Hosseini, S.A.R., Sajjadian, Z. and Mohammadi, A. (2017), “Explaining the relationship between organizational values, job stress, and organizational deviant behaviors”, the Fifth International Conference of Accounting and Management and the Second Conference of Open Entrepreneurship and Innovation, Hamayshgaran Mehr Eshragh, Tehran.

Huma, Z., Hussain, S., Thurasamy, R. and Malik, M.I. (2017), “Determinants of cyberloafing: a comparative study of a public and private sector organization”, Internet Research, Vol. 27 No. 1, pp. 97-117.

Huseman, R.C., Hatfield, J.D. and Miles, E.W. (1985), “Test for individual perceptions of job equity: some preliminary findings”, Perceptual and Motor Skills, Vol. 61 No. 3_suppl, pp. 1055-1064.

Huseman, R.C., Hatfield, J.D. and Miles, E.W. (1987), “A new perspective on equity theory: the equity sensitivity construct”, Academy of Management Review, Vol. 12 No. 2, pp. 222-234.

Ibrahimi Baloot Bazeh, A. (2011), “Examining the impact of perceived organizational policies and organizational support on deviant behaviors among employees”, Master’s Thesis, Tarbiat Modarres University.

Javeed, Q.S., Jadhav, S.E. and Dhonde, S. (2012), “Effect of age and gender on social loafing of state level cricket players”, Review of Research, No. 1, pp. 1-4.

Jelinek, R. and Ahearn, M. (2006), “The ABC′s of ACB: unveiling a clear and present danger in the sales force”, Industrial Marketing Management, Vol. 35 No. 4, pp. 457 -467.

Keenan, A. and Newton, T.J. (1985), “Stressful events, stressors, and psychological strains in young professional engineers”, Journal of Organizational Behavior, Vol. 6 No. 2, pp. 151-156.

Khaksar, S., Golparvar, M. and Nouri, A. (2007), “The mediating role of perceived organizational justice in the relationship between chronic self-concept of employees and their satisfaction with outcomes, supervisors, and managers”, Knowledge and Research in Applied Psychology, Vol. 9 No. 34, pp. 1-26.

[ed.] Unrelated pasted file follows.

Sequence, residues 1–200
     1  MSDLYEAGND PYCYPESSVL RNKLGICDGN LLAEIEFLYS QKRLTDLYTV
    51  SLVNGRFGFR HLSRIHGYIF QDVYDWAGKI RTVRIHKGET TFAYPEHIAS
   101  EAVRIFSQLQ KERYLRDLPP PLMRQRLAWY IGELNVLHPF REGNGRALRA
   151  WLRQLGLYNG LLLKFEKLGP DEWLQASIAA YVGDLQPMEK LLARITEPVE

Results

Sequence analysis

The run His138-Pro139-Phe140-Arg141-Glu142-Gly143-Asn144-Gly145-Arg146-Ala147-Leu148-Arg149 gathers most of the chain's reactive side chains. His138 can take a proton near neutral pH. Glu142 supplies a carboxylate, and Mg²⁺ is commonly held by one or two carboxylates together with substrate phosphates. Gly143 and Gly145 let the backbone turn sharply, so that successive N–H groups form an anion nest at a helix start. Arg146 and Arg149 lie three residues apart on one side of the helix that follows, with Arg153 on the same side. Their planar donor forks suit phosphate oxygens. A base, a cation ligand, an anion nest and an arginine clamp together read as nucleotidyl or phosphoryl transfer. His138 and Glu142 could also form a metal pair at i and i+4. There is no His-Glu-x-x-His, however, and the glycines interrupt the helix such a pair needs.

Kivimaki, M., Elovainio, M. and Vahtera, J. (2000), “Workplace bullying and sickness absence in hospital staff”, Occupational and Environmental Medicine, Vol. 57 No. 10, pp. 656-660.

Laird, M.D., Harvey, P. and Lancaster, J. (2015), “Accountability, entitlement, tenure, and satisfaction in generation Y”, Journal of Managerial Psychology, Vol. 30 No. 1, pp. 87-100.

Lee, D. (2000), “An analysis of workplace bullying in the UK”, Personnel Review, Vol. 29 No. 5, pp. 593-610.

Lewis, S.E. (2006), “Recognition of workplace bullying: a qualitative study of women targets in the public sector”, Journal of Community and Applied Social Psychology, Vol. 16 No. 2, pp. 119-135.

Lewis, S.E. and Orford, J. (2005), “Women’s experiences of workplace bullying: changes in social relationships”, Journal of Community and Applied Social Psychology, Vol. 15 No. 1, pp. 29-47.

Mahdad, A. and Iran, M.Z. (2011), “Comparing organizational citizenship behavior and counter-productive behaviors among employees of automotive factories in Iran and Malaysia”, New Findings in Psychology, Vol. 12 No. 4, pp. 79-93.